April 16, 2012
By Jonathan Tisch
With Congress back in Washington, taking action on a long-term transportation bill is now at the top of the agenda. But when it comes to fixing our nation’s crumbling infrastructure, Washington is “just out of money,” House Majority Leader Eric Cantor explained in delaying a recent vote on the $109 billion legislation. But what if the answer – and the dollars – could be found outside the Beltway? Across America, innovative public-private efforts are showing our nation’s leaders not only how to upgrade aging infrastructure, but, more importantly, how to pay for it.
No component of our infrastructure has suffered more than aviation. Consider New York City.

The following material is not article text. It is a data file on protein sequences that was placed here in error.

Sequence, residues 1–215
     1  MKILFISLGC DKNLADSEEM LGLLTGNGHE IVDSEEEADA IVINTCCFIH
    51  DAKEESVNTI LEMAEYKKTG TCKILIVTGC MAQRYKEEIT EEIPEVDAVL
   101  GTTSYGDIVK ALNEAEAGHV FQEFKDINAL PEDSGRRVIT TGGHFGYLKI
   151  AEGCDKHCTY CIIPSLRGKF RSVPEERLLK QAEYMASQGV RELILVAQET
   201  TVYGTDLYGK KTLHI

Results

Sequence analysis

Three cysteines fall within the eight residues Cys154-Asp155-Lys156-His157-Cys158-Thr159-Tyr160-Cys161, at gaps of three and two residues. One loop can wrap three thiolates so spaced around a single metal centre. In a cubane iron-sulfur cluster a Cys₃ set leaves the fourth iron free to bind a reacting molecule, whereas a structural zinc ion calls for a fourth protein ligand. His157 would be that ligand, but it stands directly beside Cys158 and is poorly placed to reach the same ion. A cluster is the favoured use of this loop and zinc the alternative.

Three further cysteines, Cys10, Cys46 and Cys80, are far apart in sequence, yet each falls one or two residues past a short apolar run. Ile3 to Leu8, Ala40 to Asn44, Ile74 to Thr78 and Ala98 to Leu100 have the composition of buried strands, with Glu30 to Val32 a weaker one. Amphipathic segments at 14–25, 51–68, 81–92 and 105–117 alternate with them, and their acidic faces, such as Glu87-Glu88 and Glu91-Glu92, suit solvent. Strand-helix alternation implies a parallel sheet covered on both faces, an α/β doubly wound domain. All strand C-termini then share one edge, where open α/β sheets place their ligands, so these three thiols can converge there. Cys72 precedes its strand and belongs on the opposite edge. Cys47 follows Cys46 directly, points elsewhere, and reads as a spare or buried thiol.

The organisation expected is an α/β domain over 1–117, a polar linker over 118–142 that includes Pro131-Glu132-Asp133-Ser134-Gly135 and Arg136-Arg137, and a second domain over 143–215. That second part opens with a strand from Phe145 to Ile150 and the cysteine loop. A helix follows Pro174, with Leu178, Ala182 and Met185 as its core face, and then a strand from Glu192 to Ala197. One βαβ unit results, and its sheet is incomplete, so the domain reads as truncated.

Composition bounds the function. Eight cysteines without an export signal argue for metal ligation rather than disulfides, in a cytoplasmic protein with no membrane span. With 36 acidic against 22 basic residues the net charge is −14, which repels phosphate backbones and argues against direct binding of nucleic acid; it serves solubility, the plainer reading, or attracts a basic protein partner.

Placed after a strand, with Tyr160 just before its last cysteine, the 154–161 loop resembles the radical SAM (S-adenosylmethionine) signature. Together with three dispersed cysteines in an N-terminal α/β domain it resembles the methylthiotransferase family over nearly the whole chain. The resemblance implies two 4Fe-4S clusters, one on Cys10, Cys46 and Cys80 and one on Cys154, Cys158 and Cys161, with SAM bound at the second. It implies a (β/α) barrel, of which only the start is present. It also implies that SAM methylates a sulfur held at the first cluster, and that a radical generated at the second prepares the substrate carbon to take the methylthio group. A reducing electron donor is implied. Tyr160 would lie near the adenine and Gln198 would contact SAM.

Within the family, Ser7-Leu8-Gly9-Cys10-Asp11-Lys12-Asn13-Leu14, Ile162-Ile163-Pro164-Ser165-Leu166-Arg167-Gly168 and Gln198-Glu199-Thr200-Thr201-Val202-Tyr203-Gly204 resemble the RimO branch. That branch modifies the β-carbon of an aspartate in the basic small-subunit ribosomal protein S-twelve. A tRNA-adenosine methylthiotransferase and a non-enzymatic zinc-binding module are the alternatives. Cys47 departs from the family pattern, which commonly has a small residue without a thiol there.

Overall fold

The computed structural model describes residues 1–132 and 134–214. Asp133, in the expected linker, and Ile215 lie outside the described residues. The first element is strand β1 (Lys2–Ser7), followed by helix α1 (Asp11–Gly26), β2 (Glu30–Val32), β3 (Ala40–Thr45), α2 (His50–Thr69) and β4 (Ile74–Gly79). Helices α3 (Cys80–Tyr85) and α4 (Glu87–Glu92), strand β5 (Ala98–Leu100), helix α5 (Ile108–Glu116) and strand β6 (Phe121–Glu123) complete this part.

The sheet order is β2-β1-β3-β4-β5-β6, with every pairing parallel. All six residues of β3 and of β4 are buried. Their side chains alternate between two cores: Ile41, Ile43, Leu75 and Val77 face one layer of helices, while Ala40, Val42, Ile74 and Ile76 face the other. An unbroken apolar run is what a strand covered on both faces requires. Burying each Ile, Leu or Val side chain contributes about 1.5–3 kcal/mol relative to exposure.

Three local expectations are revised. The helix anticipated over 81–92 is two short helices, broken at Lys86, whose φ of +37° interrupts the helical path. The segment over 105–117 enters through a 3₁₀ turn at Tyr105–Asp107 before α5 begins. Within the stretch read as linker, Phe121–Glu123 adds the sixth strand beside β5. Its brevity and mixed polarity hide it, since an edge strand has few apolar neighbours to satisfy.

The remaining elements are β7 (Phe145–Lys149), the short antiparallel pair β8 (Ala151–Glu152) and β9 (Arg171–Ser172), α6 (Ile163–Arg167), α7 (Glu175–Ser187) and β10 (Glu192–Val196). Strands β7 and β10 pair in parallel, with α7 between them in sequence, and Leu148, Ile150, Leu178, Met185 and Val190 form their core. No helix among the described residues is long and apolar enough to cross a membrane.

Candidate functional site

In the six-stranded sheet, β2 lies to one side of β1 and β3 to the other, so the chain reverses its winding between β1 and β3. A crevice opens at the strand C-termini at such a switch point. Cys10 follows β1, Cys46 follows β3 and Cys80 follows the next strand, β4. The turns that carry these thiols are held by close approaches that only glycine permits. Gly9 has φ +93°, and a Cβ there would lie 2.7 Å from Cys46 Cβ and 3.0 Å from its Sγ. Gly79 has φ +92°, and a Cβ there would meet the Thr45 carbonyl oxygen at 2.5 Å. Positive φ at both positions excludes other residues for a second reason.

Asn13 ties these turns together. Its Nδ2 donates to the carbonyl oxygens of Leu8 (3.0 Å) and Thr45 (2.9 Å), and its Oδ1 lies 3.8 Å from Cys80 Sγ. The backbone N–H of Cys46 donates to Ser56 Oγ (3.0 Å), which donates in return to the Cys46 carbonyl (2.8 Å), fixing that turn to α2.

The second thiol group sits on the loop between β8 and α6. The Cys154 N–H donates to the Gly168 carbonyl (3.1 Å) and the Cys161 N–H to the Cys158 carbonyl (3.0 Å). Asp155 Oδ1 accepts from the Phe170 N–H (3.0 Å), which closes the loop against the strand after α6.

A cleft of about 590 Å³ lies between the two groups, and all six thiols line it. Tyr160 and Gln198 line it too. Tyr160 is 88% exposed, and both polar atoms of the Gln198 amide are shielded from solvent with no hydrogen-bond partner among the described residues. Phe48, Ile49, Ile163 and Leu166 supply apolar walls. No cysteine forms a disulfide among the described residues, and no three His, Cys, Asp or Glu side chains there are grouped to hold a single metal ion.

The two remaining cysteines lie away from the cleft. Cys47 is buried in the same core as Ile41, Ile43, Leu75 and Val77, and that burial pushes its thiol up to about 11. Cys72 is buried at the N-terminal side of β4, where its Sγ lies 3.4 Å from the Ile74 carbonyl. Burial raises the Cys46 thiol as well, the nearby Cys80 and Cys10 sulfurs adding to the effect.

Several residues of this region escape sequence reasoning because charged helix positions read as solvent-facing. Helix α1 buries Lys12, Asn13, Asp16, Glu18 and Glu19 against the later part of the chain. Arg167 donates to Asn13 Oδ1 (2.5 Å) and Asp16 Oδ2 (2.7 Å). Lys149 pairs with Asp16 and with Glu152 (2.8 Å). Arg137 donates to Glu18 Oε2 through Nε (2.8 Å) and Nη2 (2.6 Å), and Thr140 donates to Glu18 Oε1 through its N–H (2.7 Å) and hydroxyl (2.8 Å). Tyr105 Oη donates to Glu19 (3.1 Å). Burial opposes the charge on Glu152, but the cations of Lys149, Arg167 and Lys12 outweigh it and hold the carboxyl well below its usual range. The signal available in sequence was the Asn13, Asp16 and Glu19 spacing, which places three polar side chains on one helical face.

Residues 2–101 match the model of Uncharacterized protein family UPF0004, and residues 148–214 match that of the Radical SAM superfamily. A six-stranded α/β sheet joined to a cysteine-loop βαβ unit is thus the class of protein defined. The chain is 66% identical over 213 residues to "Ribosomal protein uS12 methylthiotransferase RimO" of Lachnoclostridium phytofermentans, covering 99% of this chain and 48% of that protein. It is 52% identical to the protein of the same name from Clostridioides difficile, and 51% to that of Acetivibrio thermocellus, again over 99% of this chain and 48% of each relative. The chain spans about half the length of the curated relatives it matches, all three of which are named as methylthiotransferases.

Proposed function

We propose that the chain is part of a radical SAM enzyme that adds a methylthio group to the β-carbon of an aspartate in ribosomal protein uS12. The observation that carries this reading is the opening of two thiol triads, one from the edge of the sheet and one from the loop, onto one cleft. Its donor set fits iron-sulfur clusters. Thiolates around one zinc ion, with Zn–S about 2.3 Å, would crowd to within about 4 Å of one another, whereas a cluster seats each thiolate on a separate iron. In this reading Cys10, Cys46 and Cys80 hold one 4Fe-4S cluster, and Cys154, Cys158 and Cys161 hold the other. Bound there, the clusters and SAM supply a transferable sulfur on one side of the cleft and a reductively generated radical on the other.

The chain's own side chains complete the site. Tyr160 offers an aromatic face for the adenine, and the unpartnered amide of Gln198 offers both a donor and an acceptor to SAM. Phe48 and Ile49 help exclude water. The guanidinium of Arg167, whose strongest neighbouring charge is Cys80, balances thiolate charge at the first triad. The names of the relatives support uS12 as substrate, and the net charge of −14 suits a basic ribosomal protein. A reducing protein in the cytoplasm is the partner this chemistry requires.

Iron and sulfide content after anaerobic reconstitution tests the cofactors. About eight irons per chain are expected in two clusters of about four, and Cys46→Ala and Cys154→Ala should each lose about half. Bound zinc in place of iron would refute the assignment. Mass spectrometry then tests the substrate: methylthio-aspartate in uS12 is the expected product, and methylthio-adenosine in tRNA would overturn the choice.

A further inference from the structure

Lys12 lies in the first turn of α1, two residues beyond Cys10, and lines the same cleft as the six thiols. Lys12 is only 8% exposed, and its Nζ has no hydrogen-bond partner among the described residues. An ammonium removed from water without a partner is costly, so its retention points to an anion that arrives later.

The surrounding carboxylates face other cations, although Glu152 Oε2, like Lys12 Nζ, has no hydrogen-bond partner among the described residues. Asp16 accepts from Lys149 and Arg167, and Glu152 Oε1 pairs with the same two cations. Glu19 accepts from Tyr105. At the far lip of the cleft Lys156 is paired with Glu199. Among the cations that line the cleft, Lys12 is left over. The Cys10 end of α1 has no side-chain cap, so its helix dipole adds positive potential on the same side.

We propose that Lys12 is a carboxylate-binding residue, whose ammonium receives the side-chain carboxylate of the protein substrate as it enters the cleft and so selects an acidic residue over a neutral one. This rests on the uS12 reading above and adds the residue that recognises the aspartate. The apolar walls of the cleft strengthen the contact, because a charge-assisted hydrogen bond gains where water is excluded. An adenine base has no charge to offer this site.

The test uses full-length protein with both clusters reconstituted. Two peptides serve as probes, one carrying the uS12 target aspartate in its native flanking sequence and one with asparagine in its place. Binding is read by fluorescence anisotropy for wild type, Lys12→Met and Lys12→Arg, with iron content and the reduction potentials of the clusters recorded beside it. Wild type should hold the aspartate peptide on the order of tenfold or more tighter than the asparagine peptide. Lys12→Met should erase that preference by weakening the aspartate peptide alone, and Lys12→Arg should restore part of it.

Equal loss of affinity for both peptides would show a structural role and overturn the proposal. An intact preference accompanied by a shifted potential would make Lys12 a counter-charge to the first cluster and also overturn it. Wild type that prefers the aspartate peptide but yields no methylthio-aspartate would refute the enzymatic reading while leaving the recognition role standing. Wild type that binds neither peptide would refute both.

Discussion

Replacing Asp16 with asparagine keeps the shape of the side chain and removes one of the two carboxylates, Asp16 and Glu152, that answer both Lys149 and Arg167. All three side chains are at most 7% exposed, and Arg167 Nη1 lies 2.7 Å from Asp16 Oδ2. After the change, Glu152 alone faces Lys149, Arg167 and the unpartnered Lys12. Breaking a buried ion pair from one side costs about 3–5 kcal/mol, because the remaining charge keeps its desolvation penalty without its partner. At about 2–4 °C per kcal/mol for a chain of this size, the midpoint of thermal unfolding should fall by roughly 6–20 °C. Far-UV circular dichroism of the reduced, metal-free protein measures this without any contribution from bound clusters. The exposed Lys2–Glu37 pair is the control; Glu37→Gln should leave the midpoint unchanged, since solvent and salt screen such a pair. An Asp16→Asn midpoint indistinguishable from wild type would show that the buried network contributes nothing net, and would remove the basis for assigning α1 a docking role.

Last summer, the Port Authority, which owns the region’s three major airports, delayed plans to rebuild LaGuardia’s Central Terminal Building due to budget constraints. When that terminal opened nearly 50 years ago, it was designed to handle 8 million passengers per year traveling on a generation of smaller airplanes. In 2011, the terminal was flooded with over 24 million passengers on larger jets that struggle to navigate its tight gates.
Rather than bow to an empty checkbook, the Port Authority issued a bold call for cost-effective financing solutions to this $3.6 billion infrastructure challenge. To the surprise of many, 15 bidders lined up with new ideas, including proposals by investors, airport construction firms, concession developers and several international companies.